What is Title Insurance? 

 
A policy of title insurance offers protection to the home owner (through an Owner's Policy) and the lender (through a Loan Policy) from any claims to the insured property that existed prior to the date of the policy. Like other forms of insurance the home owner or lender (also known as the "insured party") pays a premium to obtain the policy of insurance. Unlike other forms of insurance, the insured party pays a one-time premium for the title insurance. The policy of title insurance remains in effect as long as you own the property.
The policy of title insurance is issued after an experienced title examiner reviews the land records that relate to the property that is going to be insured. The results of the title examination are provided to the title company. The title company should be helpful in providing assistance to eliminate potential problems that appear on the title examination and that could delay the closing. The title company then issues its policy to protect insured parties against past occurrences that could result in future problems and it provides you with peace of mind that no one will make a claim to your property. The video below illustrates the importance of having title insurance for your new or next home.

What is the difference between an Owner's Policy and a Loan Policy of title insurance? 

 
An Owner's Policy is usually issued in the amount of the real estate purchase price. It is purchased for a one-time premium fee at closing and lasts for as long as you have an interest in the property. An Owner's Policy protects the buyer only, should a covered title problem arise. 
 
The Loan Policy is usually based on the dollar amount of your loan. It only protects the lender's interests in the property should a problem with the title arise. It does not protect the buyer.  Most lenders require a Loan Policy when they issue you a loan. 

Why do I need title insurance if my lender requires it? 

 
The lender’s title loan policy will not protect you. It only protects the lender, and only in the amount of the loan, which is typically less than the value of the property. In the event of an adverse claim, the lender will ordinarily not be concerned unless its loan becomes non-performing and the claim threatened the lender’s ability to foreclose and recover its funds. As you pay down your loan, the lender’s title policy coverage diminishes. Once your loan is paid off, there is no longer coverage. As long as you are the owner, your owner’s policy, however, remains in effect.

Why do I need title insurance if a title search was performed?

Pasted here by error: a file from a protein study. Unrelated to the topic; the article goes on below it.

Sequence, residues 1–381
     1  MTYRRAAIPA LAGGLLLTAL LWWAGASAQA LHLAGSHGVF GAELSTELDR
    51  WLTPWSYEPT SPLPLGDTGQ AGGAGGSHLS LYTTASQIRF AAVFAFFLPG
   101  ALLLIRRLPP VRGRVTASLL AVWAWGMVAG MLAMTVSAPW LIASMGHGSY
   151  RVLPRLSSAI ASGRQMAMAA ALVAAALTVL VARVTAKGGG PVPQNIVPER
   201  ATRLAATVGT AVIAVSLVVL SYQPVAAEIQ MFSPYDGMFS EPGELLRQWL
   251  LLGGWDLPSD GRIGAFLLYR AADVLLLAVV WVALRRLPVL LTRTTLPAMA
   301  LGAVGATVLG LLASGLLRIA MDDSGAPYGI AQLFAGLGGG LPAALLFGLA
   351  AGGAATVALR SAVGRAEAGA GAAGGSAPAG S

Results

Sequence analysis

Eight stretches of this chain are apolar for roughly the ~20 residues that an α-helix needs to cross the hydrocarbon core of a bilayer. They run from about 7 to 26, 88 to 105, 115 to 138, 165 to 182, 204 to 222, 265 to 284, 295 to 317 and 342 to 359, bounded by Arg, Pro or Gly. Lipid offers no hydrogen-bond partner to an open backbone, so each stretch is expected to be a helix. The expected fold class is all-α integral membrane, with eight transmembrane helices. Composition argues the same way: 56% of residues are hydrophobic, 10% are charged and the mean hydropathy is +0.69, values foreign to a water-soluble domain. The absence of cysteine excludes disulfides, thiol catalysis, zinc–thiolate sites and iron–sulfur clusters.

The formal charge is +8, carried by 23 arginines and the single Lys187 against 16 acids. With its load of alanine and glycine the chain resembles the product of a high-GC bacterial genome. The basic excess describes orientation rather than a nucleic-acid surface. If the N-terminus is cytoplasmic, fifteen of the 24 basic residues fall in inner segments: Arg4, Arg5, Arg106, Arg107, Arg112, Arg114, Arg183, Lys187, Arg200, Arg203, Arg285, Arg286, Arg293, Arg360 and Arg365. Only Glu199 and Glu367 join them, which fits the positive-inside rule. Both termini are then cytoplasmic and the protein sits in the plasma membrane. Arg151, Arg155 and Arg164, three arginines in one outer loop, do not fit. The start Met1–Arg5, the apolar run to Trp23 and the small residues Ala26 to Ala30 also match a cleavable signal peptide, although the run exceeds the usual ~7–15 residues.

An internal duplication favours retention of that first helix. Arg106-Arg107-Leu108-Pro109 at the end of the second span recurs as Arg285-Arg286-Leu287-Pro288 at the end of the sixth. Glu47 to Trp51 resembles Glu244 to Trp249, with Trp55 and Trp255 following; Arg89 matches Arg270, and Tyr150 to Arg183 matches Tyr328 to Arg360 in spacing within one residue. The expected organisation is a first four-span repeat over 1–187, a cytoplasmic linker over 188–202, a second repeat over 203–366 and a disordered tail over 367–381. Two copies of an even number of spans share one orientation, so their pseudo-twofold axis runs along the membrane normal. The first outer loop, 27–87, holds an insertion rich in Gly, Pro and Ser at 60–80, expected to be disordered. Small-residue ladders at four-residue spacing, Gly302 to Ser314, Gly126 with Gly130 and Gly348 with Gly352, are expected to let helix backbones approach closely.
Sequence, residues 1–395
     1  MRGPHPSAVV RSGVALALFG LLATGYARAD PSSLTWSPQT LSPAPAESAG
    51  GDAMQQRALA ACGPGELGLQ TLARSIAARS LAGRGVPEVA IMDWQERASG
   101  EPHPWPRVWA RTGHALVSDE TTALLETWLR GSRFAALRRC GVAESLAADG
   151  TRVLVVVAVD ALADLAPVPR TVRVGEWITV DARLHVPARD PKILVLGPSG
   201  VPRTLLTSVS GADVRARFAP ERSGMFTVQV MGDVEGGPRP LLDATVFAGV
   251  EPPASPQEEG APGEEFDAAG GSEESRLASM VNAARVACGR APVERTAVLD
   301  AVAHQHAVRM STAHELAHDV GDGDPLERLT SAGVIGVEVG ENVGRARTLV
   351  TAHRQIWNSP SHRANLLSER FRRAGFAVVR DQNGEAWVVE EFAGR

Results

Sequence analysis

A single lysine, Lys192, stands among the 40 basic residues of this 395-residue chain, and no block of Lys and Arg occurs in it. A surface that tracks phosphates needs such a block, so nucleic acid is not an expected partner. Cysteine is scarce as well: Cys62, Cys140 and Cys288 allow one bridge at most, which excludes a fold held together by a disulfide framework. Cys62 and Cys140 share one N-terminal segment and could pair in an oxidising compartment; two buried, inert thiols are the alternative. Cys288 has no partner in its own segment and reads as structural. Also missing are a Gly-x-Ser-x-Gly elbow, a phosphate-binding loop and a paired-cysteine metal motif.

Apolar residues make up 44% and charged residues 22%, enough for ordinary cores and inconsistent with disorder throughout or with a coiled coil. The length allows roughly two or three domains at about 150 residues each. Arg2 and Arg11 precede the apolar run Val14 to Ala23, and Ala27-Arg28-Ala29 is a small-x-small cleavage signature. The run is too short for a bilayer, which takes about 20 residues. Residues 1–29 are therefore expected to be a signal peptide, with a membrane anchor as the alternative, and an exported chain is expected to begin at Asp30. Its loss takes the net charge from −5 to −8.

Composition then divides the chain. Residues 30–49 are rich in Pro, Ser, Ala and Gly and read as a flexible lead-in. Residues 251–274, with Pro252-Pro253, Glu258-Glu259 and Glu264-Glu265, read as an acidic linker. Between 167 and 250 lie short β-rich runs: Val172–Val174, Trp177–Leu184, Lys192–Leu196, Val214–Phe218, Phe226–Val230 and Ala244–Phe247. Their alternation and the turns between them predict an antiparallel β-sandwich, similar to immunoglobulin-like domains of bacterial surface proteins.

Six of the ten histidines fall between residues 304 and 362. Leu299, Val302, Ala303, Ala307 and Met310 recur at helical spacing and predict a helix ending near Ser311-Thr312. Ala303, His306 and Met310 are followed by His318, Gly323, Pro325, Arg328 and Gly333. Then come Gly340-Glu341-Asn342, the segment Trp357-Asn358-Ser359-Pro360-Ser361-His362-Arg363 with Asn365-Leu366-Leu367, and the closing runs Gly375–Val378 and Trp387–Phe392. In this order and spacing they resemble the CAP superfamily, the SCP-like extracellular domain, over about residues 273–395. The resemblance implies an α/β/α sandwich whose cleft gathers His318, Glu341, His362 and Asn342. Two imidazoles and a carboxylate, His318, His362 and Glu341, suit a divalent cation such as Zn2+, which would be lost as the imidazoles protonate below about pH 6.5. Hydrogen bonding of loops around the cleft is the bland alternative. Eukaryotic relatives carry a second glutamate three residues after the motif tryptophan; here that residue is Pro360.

A title search provides a thorough review or examination of the public records that pertain to real property ownership and the rights/limitations of its use. The search begins with the current owner and extends back in time for a period of time defined by the type of transaction. All documents affecting the subject property are reviewed for accuracy, completeness and proper execution. Similarly, all owners of record during the search period are indexed to determine their ownership interests, marital status, and legal and mental capacity to enter into a contract to buy or sell real property. Title Insurance provides coverage for errors in these public records, hidden defects not disclosed by the public records, missing or unrecorded documents, or mistakes made during the examination of the title to your property. Missing or unknown heirs, frauds or forgery, competency of grantors, tenancy of grantors, conveyances by minors, and a host of other issues cannot be detected by a search. Your owner’s title policy insures that if such an occasion arises, you will be defended, free of charge against all covered claims and paid up to the amount of the policy to settle valid claims. Your lender is aware of these possible defects, and therefore, will require that you purchase a lender’s policy of title insurance to protect their interest in the loan.

What is the difference between a "standard" owner's policy and an "enhanced" homeowner's policy? 

 

The Standard Policy addresses such risks as:
  • Forgery and impersonation
  • Lack of competency, capacity, or legal authority of a party
  • Deed not joined in by a necessary party
  • Undisclosed (but recorded) prior mortgage or lien
  • Undisclosed (but recorded) easement or use restriction
  • Erroneous or inadequate legal description
  • Lack of a right of access
  • Deed not properly recorded
 
The Enhanced Policy covers all of the above risks, plus:
  • Off record matters, such as claims for adverse possession or prescriptive easement
  • Deed to land with buildings encroaching on land of another incorrect survey
  • Silent (off-record) liens, such as mechanics or estate tax liens
  • Pre-existing violations of subdivision laws, zoning ordinances, or CC&Rs (Covenants, Conditions and Restrictions)
  • Post-Policy Forgery
  • Forced removal of improvements due to lack of building permit (subject to deductible)
  • Post-policy construction improvements by a neighbor onto insured land
  • Location and dimensions of insured land (survey not required)
• NOTE 
OTHERWISE INSURED POST-POLICY EVENTS ARE NOT COVERED IF THE MATTER IS CREATED BY THE INSURED OR OTHERWISE INCLUDED BY THE EXCLUSIONS UNLESS NOTED HEREIN.  SOME LIMITS MAY APPLY TO THE COVERAGES ABOVE.  FOR SPECIFIC QUESTIONS, PLEASE CONTACT AN INSIGHT TITLE COMPANY LICENSED TITLE AGENT AT 216-373-3170 OR InsightOrders@logs.com OR COMPLETED THE CONTACT US FORM HERE.  

© 2018 by Insight Title Company.  All Rights Reserved. 

  • Facebook Social Icon